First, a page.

Sheriff's Office launches investigation of Dunedin commissioners for alleged Sunshine Law violation
The Pinellas County Sheriff's Office is investigating two Dunedin commissioners for possible violation of the Sunshine Law, Sheriff Bob Gualtieri confirmed Monday.
He would not release the names of those who filed the complaints against Commissioner Heather Gracy and Vice Mayor Bruce Livingston, but said they are in relation to the unconventional resignation of former city manager Rob DiSpirito following the commissioners' votes for his termination more than a month ago.
Gualtieri said information brought to him just after DiSpirito resigned just wasn't enough to launch an investigation. But information he received two weeks ago proved otherwise.
"This time it warrants a preliminary inquiry involving some interviews to determine if there is merit to the allegations," he said. "There was enough that it warrants and necessitates taking it further."
Gualtieri said the next step will be to interview people who have information about the allegations and witnesses of acts that may support them. He said the interviews will commence soon, but there is no way to tell when the investigation will be over.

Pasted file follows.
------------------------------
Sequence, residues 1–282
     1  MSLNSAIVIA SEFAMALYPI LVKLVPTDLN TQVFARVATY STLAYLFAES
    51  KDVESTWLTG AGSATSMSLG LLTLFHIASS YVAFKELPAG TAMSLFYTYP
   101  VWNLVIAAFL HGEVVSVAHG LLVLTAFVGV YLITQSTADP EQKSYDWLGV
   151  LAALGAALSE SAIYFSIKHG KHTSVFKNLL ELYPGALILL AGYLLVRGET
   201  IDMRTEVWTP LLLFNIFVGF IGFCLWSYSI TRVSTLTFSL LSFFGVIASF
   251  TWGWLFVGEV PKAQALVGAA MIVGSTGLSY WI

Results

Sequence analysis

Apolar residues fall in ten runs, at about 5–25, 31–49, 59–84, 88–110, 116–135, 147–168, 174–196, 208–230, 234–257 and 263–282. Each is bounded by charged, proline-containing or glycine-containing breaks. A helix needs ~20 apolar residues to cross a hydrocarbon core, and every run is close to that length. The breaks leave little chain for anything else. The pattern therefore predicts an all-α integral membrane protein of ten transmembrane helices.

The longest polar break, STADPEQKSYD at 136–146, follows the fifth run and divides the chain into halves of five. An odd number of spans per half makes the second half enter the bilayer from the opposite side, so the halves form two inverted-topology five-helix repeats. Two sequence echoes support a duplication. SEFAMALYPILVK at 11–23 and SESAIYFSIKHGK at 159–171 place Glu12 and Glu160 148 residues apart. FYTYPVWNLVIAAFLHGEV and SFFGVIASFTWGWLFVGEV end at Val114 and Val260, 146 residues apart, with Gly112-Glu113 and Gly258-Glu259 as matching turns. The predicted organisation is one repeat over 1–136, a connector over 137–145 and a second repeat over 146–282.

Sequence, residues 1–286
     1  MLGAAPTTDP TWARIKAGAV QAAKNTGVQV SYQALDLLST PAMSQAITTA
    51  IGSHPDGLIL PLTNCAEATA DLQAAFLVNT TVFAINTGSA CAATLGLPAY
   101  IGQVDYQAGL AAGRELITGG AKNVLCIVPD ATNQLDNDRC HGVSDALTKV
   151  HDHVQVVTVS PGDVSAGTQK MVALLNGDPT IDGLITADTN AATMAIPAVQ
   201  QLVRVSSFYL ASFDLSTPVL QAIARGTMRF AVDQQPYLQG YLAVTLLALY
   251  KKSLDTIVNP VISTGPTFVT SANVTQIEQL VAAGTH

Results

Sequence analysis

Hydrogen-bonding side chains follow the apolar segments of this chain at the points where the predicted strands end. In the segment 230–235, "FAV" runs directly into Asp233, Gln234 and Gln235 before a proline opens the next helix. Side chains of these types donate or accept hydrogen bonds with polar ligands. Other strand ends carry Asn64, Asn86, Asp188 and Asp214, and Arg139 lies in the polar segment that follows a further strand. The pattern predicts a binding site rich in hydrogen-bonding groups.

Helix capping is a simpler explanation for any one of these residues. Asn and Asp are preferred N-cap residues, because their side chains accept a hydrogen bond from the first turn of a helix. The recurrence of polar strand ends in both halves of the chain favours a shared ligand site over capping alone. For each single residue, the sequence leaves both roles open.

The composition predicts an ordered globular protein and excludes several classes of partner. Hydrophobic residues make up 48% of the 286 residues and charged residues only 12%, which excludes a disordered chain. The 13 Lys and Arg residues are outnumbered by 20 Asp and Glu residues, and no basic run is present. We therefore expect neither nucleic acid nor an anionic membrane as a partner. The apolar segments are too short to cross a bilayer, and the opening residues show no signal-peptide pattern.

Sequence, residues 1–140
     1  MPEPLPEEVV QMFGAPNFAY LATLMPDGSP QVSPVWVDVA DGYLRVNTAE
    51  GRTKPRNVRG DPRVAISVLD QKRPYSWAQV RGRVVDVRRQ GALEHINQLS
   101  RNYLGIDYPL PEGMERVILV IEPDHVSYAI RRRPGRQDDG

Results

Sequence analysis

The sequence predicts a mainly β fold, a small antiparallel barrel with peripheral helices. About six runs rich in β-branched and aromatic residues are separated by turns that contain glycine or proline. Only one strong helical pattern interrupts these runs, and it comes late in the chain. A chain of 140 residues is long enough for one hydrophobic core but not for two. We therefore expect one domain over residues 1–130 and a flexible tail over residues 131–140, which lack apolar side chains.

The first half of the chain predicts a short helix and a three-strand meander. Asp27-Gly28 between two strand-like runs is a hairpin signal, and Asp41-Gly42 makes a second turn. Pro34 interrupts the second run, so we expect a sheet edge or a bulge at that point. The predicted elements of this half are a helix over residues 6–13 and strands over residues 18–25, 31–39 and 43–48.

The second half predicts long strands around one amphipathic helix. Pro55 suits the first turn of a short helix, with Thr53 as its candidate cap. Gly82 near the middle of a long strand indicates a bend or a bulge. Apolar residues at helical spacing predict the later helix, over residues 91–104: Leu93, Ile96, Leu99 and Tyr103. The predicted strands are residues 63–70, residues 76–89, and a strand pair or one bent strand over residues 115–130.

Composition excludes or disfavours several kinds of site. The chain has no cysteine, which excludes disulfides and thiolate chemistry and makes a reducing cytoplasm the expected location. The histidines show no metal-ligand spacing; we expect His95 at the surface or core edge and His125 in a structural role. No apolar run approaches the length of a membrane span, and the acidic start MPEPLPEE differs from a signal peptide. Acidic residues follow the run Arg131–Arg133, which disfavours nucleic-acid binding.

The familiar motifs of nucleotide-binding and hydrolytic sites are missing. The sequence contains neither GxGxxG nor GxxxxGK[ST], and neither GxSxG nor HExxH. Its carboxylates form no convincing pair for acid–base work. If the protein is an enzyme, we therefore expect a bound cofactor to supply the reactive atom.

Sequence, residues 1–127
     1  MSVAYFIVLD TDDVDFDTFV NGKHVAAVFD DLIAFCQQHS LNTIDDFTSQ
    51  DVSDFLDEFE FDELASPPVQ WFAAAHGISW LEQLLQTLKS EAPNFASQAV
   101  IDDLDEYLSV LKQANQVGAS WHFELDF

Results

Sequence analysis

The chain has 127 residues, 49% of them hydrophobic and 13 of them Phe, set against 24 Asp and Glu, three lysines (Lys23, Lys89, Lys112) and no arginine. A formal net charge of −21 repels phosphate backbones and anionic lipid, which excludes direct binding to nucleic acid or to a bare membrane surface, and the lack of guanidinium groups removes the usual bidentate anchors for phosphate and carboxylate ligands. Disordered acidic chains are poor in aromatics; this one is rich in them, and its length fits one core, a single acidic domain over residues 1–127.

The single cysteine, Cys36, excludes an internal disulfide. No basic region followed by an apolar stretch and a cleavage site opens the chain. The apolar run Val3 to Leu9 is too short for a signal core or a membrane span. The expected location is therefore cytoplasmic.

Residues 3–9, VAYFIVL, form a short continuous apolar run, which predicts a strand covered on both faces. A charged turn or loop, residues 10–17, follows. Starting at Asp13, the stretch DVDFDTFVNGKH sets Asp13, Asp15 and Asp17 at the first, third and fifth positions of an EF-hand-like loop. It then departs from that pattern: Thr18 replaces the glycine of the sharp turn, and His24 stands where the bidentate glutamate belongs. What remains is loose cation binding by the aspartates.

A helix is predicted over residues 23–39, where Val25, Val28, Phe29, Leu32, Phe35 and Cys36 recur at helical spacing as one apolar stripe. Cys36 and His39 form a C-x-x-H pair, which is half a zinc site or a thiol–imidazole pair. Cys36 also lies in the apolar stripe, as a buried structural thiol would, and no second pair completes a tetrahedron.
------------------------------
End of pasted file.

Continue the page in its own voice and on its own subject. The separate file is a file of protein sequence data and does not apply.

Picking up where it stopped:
"I don't want this lingering over them or the community, so we will be actively looking into it," he said. "The sooner we conclude, the better, but we can't rush."
The Sheriff said there is no formal notification for investigations of this kind, but he did contact Mayor Julie Ward Bujalski and City Attorney Tom Trask to "put them on notice."
Neither Gracy nor Livingston would confirm or deny the allegations.
"I really don't know the details of the complaint, so I really can't comment," Livingston said.
"I am not going to give a comment until the investigation is closed," Gracy said.
Gualtieri stressed the seriousness of Sunshine Law violations and said he would never launch an investigation unless he felt it was absolutely necessary.
"It is very serious when you undertake one of these investigations because of what it can do to an individual and what it can do to a city," he said. "I don't take it lightly the decision to investigate, but we have an obligation."